My hands move around me. They spiral and turn performing the shape of the Yin Yang symbol.  As they do, and I turn horizontally from the waist; I can feel the area of the Dan Tian, (abdominal muscles), making circles.  My legs are creating rotational energy, though my feet are planted and still.  This engagement of core, legs, waist, and abdominals, expressed through the arms, wrists and fingers is a profound and fundamental part of Kung-Fu; Chan Si Jing.

Chan Si means silk reeling.  It refers to the manner in which threads of silk are reeled off from the cocoon of the silk worm.  When one is reeling silk, the pace must be constant; should you suddenly speed up the thread will break.  Should you stop the thread that makes up the cocoon will solidify and the thread will ultimately break.  The message is that when one practices this Kung or special ability, one’s movement should be constant, measured and continuous.

Chan Si Jing is the method of letting force travel through the body unencumbered.  Tension in the muscles at the wrong place or at the wrong time will inhibit the body’s ability to communicate force into the opponent; the force will be trapped in the limbs of the practitioner. 

Kung-Fu practitioners have two terms for force, Li and Jing.  Li is the natural strength of an individual.  It can be increased through exercise and should be maintained, especially in later years.  Balanced physical strength is essential for pain free living; one ignores maintaining and developing it at one’s own risk.  Extended periods of inaction is one of the most harmful things a person can do to themselves. Inaction is the true enemy of the individual regardless of one’s age. For example, one can put a perfectly good arm in a cast and in a surprisingly short time, that arm will become weak and frail.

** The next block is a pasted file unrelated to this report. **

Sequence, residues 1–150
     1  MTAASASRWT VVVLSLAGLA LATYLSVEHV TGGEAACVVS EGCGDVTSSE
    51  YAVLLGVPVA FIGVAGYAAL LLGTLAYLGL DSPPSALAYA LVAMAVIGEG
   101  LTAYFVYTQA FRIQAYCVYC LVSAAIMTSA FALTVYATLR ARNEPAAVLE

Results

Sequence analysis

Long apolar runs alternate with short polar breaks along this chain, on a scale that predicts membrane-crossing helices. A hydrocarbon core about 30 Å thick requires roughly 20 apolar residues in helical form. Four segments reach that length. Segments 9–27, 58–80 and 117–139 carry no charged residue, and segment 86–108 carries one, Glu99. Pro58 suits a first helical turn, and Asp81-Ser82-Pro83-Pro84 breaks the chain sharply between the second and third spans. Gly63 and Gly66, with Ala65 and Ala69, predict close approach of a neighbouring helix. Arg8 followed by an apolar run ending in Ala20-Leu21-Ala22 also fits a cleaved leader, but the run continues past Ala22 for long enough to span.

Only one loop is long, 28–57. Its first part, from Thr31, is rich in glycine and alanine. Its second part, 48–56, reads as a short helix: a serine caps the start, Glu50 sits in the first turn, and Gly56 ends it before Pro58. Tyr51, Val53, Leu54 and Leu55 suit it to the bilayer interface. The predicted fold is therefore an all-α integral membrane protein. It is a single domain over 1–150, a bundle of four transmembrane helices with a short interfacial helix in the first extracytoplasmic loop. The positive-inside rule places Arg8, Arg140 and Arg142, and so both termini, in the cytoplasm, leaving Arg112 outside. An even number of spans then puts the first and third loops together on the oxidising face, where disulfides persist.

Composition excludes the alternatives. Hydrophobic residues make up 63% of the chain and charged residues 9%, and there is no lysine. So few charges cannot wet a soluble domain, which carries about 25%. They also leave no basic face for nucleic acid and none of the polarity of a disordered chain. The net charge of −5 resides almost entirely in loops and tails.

Chan Si Jing, on the other hand, is a precisely prescribed way of and using the body’s Li.  It must be trained and developed over years.  There are actually many kinds of Jing; each kind of Jing focuses on using the attributes of the practitioner, (strength, speed, mental focus, vision, tactile receptor, tendon strength), in a concentrated, refined, and disciplined manner.

Chan Si Jing is not the creation of force.  It is instead the creation of the pathways of and manner in which force should be expressed.  With Chan Si Jing we are not building the power plant; we are putting up the scaffolding and wires.

Chan Si Jing is not seen in the finishing postures of a movements, punches or kicks; instead it is in the transition between postures.  Mostly unseen, Chan Si Jing is the instant before impact but it is the moment that gives the technique it’s effectiveness.

As an influence in the practitioner’s life, Chan Si Jing is a profound and beautiful metaphor.  The practitioner is not focused on a partner or an opponent, he is not focused on performing a technique; instead he is simply focused upon himself and his own development.  It is this focus on personal growth, something that begins with a Kung-Fu training method, which eventually permeates the practitioner’s life.  This is what has made Kung-Fu a vehicle of personal transformation for millennia.